Full steam ahead for Gary Hetherington after 25 years at the helm of Leeds Rhinos
AS HE marks the 25th anniversary of taking over as the club’s chief executive, Leeds Rhinos’ Gary Hetherington insists he has no plans to finish any time soon.
At 67, no-one would begrudge one of the sport’s most highly-respected administrators taking a back seat, especially given he commands such a high-profile job. However, Hetherington, who has helped inspire and create one of Super League’s great dynasties, does not what to contemplate that prospect. Certainly not yet.
It was on October 29, 1996 that he and Paul Caddick came together to become the new board of Leeds CF&A plus new owners of Leeds RLFC – £5m in debt and on the brink of collapse – and Headingley.
What has happened since, of course, has been stunning, with Leeds rebranding as the Rhinos and going on to become one of the pre-eminent forces in Super League, no club winning more than their eight Grand Finals.
But Hetherington has also helped find a way to restore Headingley Stadium to a modern, iconic and world-class sporting venue for both international rugby league and Test match cricket.
He has also led the creation of the charity Leeds Rhinos Foundation, which delivers projects in the heart of the community, and which was one of Hetherington’s initial four key objectives a quarter of a century ago – making a difference in the community.
Looking back on 25 years at the helm, the Castlefordian is rightly “very proud” and the other key objectives – providing the city with a team to be proud of, turning a loss-making business into a sustainable one and restoring Headingley – have all been achieved.
He added: “The most satisfaction is from the culture and team work ethic that has built over the years from our staff and management, many of whom started their working lives with us and now have 10 and, in some cases, 20 years’ service and are stronger than ever.”
But, in terms of stepping aside, Hetherington conceded there is no date in mind – especially when he clearly remains so driven.
“I am 67, and when people say retirement, I can’t think of anything worse,” he said.
“Every morning I get up, I know exactly what I’m doing and what I’ve got on that day.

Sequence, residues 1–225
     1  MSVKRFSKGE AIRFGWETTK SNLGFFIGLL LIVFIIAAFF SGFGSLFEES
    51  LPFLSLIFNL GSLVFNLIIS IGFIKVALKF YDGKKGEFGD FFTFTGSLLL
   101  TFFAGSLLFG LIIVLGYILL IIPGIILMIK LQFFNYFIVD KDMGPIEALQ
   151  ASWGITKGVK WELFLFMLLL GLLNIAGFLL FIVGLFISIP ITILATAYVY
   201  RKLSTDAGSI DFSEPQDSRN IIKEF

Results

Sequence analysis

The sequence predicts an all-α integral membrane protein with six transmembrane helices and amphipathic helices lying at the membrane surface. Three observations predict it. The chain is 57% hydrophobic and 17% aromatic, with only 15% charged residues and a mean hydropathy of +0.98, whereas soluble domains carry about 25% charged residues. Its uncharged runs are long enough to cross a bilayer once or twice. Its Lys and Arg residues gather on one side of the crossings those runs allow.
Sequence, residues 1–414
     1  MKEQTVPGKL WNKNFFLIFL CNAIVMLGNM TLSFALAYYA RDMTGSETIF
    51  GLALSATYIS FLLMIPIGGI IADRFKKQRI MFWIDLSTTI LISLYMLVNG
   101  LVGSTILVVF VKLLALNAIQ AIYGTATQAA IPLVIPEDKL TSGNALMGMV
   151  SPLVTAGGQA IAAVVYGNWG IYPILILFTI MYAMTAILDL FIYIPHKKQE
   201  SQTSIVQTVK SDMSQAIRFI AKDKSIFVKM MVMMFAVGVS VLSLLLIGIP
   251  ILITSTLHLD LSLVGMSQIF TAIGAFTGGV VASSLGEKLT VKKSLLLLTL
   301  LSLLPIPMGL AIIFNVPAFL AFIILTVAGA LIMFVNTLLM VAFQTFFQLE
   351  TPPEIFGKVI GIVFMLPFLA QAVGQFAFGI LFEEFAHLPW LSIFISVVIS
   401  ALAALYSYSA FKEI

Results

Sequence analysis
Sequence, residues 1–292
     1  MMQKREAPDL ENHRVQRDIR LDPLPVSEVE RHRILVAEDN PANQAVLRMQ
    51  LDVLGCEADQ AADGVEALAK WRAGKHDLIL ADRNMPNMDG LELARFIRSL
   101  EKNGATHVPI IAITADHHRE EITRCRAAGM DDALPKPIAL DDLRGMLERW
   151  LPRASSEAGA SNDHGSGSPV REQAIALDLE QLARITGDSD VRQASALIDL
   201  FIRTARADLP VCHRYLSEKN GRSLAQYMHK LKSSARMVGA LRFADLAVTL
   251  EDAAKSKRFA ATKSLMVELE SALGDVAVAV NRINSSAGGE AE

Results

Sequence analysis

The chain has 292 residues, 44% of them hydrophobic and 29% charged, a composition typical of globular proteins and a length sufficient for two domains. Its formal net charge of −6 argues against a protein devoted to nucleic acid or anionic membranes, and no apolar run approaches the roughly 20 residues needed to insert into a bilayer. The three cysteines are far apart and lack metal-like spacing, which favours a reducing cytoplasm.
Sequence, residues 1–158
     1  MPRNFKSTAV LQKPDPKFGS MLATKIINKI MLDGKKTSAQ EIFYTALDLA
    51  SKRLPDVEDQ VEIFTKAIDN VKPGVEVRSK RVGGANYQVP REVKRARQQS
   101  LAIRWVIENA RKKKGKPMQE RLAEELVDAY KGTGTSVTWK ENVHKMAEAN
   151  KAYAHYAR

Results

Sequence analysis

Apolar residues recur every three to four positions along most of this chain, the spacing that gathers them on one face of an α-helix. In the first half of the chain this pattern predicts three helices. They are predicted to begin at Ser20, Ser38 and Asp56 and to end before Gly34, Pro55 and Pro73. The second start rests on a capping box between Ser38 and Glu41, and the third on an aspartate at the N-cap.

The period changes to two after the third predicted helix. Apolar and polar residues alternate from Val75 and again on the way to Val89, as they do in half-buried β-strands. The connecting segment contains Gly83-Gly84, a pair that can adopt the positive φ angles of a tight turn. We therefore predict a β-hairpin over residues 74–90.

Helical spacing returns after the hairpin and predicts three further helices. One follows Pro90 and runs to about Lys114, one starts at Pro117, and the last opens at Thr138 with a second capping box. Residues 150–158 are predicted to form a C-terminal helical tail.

“If I had days where I got up and wondered ‘what am I going to do today?’, how frustrating would that be?
“I didn’t necessarily not miss playing because I was coaching as well. It was like a seamless transition. And I didn’t necessarily not miss coaching because I then came here and was busy.
“However, if there’d been a period where I’d stopped playing, stopped coaching and I didn’t have anything to do [with rugby league] I would have struggled.
“That’s clearly a problem players have. We have a real responsibility to help them through that next phase of their life.”
Long-serving commercial director Rob Oates is now a shareholder in the business along with Hetherington and Caddick. Rhinos legend Kevin Sinfield was back at Headingley as director of rugby and seen potentially by some as Hetherington’s long-term successor but he left to become Leicester Tigers’ defence coach in August.
Hetherington conceded: “Naturally, I’m a succession planner. I can show 10 years ago I was planning what we thought the team would look like in three years’ time, then four years’ time and you could go back 15 years with coaches.
“I’m quite big on that. Not that it’s set in stone because things can change. It’s important in our business as, while on one hand it’s a real strength having all our heads of department who have come through our club, the weakness is sometimes that you don’t get external lateral thinking.
“You are mindful of that. But, in terms of going forward, even though I’m not giving up tomorrow – I haven’t set a date – you do get to an age where things change don’t they?
“So we need to be conscious and aware of them.
“I think the strength of our organisation is not necessarily me: it’s the strength of all the individual management and staff.”
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